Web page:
We are all fundamentally the same...

"We are all fundamentally the same, no matter what our age, gender, race, culture, religion, limits or disabilities may be.  We all have vulnerable hearts and need to be loved and appreciated."  This simple but elegant confession of Jean Vanier's resonates deeply in my soul.  Like the song that starts Psalm 42 I sense a common ache within each of us: 

As a deer pants for flowing  streams

 so my soul longs for you, O God. 
My soul thirsts for God,
   for the living God.
When shall I come and behold
   the face of God?

Last night as I was reading Vanier, I came across two tender but rich quotes that clarified part of my recent quest for discernment in ministry.  He writes that when we choose to "become human" in a conscious and committed way:

We begin the movement from exclusion to inclusion, from fear to trust, from closedness to openness, from judgement and prejudice to forgiveness and understanding.  It is a movement of the heart. We begin to see each other as brothers and sisters in humanity.  We are not longer governed by fear, but by the heart... (and when this happens we see) that the inclusion of those who are marginalized bring a gift to all, to each of us as individuals, to the larger forms of human organization, and to society in general.  The excluded, I believe, live certain values that we all need to discover and to live ourselves before we can become truly human.  It is not just a question of performing good deeds for those who are excluded but of being open and vulnerable to them in order to receive the life that they can offer:  to become their friends.    

I am so touched by these words - the wounded and excluded have a gift for those of us who believe we have it all together - they show us how to become friends.  Not clients, nor projects, problems or challenges:  friends.  Jesus spoke to those closest to him as friends, too in John 15.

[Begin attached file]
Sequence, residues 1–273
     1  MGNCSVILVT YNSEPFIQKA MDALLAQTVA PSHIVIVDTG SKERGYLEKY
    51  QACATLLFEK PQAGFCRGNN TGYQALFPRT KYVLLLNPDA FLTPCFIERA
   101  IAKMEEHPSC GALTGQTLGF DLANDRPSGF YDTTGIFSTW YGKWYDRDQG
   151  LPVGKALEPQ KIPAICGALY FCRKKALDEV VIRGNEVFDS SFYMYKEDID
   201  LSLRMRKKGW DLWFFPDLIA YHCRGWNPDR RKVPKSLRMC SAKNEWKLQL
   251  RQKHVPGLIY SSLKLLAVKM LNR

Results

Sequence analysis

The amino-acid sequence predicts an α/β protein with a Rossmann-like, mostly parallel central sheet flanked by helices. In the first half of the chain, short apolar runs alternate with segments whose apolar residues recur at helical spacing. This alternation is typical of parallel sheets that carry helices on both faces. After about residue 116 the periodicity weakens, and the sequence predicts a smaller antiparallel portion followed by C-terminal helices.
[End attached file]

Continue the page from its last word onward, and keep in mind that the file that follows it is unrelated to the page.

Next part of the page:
‘This is my commandment, that you love one another as I have loved you. No one has greater love than this, to lay down one’s life for one’s friends. You are my friends if you do what I command you. I do not call you servants any longer, because the servant does not know what the master is doing; but I have called you friends, because I have made known to you everything that I have heard from my Father. You did not choose me but I chose you. And I appointed you to go and bear fruit, fruit that will last, so that the Father will give you whatever you ask him in my name. I am giving you these commands so that you may love one another.

Vanier notes that friends change us:  friends "call us to be people of mutual trust, to take time to listen and be with each other... they call us out from our individualism and need for power into belonging to each other and being open to others. They break down the prejudices and protective walls that give rise to exclusion." That has been true in my life - those whom I have let into my heart have changed me with love - and that is probably why it takes so long for me to become friends with others.  I know a lot about fear and keeping myself safe; being vulnerable, open and trusting isn't easy.